Texas Attorney General Must Face Criminal Trial

     DALLAS (CN) — Texas’ highest criminal appeals court on Wednesday refused to hear Attorney General Ken Paxton’s appeal of securities fraud charges, paving the way for trial that could send him to state prison for 99 years.
     The Texas Court of Criminal Appeals denied Paxton’s petition for discretionary review of a trial judge’s refusal in December to dismiss two first-degree felony counts of securities fraud and a third-degree felony count of failing to register with the Texas State Securities Board. The en banc Fifth District Texas Court of Appeals in Dallas rejected Paxton’s first appeal in June.
     Paxton was charged by a Collin County grand jury in August 2015 with failing to tell investors in McKinney-based technology firm Servergy that he would earn commissions, and lying to them that he was investing in the company.
     “Today’s ruling marks an end to Mr. Paxton’s almost year-long attempt to avoid being judged by a jury of his peers,” special prosecutor Brian Wice said in a statement. “We look forward to going to trial and seeking justice on behalf of the people of Texas.”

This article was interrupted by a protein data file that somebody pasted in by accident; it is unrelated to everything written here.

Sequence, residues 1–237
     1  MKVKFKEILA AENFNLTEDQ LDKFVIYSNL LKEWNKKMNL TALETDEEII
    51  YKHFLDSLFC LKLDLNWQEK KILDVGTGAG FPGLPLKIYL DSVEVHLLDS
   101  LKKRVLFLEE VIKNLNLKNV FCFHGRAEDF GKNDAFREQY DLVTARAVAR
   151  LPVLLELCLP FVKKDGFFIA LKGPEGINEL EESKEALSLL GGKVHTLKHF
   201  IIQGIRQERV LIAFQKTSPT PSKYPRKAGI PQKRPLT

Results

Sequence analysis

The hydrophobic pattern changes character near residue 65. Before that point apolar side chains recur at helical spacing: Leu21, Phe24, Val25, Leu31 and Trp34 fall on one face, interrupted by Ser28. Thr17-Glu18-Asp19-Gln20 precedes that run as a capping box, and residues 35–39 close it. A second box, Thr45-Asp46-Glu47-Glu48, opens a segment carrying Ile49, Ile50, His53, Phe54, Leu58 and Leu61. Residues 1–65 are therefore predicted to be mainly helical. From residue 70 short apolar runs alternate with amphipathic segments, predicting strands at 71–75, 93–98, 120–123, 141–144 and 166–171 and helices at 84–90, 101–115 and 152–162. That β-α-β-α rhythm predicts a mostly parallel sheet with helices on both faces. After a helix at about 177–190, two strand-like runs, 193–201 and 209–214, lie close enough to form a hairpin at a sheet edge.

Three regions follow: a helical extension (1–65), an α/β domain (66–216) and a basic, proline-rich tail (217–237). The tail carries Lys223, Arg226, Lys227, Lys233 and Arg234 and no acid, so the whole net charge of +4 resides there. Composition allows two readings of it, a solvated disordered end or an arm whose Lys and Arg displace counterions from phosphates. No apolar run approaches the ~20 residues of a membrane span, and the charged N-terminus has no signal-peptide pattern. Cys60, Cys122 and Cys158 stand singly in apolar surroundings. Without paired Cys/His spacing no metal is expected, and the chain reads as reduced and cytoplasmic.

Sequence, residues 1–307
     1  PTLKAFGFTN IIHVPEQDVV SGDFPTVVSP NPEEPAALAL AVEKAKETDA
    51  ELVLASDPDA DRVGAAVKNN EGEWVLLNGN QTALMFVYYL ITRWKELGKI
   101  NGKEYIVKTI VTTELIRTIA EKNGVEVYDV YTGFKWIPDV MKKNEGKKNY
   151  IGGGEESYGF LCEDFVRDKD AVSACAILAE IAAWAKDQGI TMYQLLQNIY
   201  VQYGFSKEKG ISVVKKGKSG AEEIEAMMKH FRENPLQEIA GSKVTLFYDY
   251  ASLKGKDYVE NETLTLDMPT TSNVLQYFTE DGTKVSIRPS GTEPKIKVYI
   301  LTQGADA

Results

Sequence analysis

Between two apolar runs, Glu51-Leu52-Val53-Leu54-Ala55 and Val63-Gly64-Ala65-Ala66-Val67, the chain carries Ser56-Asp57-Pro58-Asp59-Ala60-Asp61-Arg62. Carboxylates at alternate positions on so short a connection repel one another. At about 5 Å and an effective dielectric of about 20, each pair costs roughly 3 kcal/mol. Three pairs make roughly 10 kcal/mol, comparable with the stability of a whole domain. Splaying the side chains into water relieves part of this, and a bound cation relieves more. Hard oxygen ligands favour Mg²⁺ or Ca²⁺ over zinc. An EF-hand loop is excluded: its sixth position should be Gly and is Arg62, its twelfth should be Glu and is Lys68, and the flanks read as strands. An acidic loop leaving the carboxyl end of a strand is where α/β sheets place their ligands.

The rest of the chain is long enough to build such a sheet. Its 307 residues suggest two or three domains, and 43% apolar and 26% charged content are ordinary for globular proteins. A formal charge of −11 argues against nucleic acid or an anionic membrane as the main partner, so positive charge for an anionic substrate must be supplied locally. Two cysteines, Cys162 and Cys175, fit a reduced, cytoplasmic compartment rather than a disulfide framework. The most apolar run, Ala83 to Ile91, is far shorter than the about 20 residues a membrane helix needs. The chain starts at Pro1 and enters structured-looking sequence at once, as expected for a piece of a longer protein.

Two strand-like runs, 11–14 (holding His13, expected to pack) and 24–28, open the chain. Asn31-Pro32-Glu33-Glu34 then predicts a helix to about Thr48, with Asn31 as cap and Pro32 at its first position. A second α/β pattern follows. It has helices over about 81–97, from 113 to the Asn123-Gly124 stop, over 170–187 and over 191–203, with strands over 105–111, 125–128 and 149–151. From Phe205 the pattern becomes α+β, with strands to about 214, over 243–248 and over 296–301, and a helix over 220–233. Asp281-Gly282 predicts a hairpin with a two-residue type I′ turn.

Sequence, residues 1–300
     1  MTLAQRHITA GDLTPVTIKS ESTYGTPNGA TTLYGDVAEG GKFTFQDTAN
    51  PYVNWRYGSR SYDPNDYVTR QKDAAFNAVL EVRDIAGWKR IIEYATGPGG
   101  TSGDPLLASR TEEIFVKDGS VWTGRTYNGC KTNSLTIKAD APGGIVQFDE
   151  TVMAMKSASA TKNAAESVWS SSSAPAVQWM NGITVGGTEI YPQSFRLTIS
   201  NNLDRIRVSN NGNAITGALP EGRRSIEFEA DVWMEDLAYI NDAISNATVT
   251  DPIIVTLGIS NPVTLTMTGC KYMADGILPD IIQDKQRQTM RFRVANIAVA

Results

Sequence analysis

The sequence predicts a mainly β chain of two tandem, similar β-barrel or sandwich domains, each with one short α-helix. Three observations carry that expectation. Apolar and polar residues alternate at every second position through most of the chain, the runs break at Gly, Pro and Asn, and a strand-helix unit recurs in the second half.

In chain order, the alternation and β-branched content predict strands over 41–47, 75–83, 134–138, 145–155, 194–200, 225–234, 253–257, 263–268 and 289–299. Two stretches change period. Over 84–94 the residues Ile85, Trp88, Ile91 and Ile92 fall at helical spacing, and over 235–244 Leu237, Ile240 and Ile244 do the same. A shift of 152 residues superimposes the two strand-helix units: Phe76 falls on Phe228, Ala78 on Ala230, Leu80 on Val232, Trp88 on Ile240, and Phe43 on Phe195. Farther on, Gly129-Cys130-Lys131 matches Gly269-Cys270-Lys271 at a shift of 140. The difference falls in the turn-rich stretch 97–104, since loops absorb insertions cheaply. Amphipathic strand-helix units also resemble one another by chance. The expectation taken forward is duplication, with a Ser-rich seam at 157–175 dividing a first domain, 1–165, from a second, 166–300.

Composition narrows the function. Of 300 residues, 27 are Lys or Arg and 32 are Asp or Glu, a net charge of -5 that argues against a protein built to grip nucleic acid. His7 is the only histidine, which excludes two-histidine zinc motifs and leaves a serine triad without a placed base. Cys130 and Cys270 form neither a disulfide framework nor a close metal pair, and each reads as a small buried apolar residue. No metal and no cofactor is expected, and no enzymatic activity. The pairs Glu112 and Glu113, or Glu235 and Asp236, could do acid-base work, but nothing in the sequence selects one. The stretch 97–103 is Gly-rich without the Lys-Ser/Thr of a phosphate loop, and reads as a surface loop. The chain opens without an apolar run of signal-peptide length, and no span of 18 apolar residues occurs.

Paxton’s attorney, William Mateja with Polsinelli in Dallas, said he will file a motion for rehearing due to their “tremendous confidence” in their case.
     Mateja cited a federal judge’s dismissal last week of a civil securities fraud suit brought against Paxton by the Securities and Exchange Commission that made similar allegations. “The charges against Ken Paxton are without merit,” Mateja said in a statement. “A federal court, following a lower legal standard, ruled that the fraud charges were baseless.”
     In his 59-page appeal to the state’s highest criminal court in August, Paxton said the failure to register charge should be tossed because controlling state law is “vague” and invalid, and that there is no federal definition of what an investment adviser representative is.
     He also argued that the two securities fraud charges should be tossed because the grand jury should have been voided when the presiding judge asked for “volunteers” who were “willing to serve” on the grand jury.

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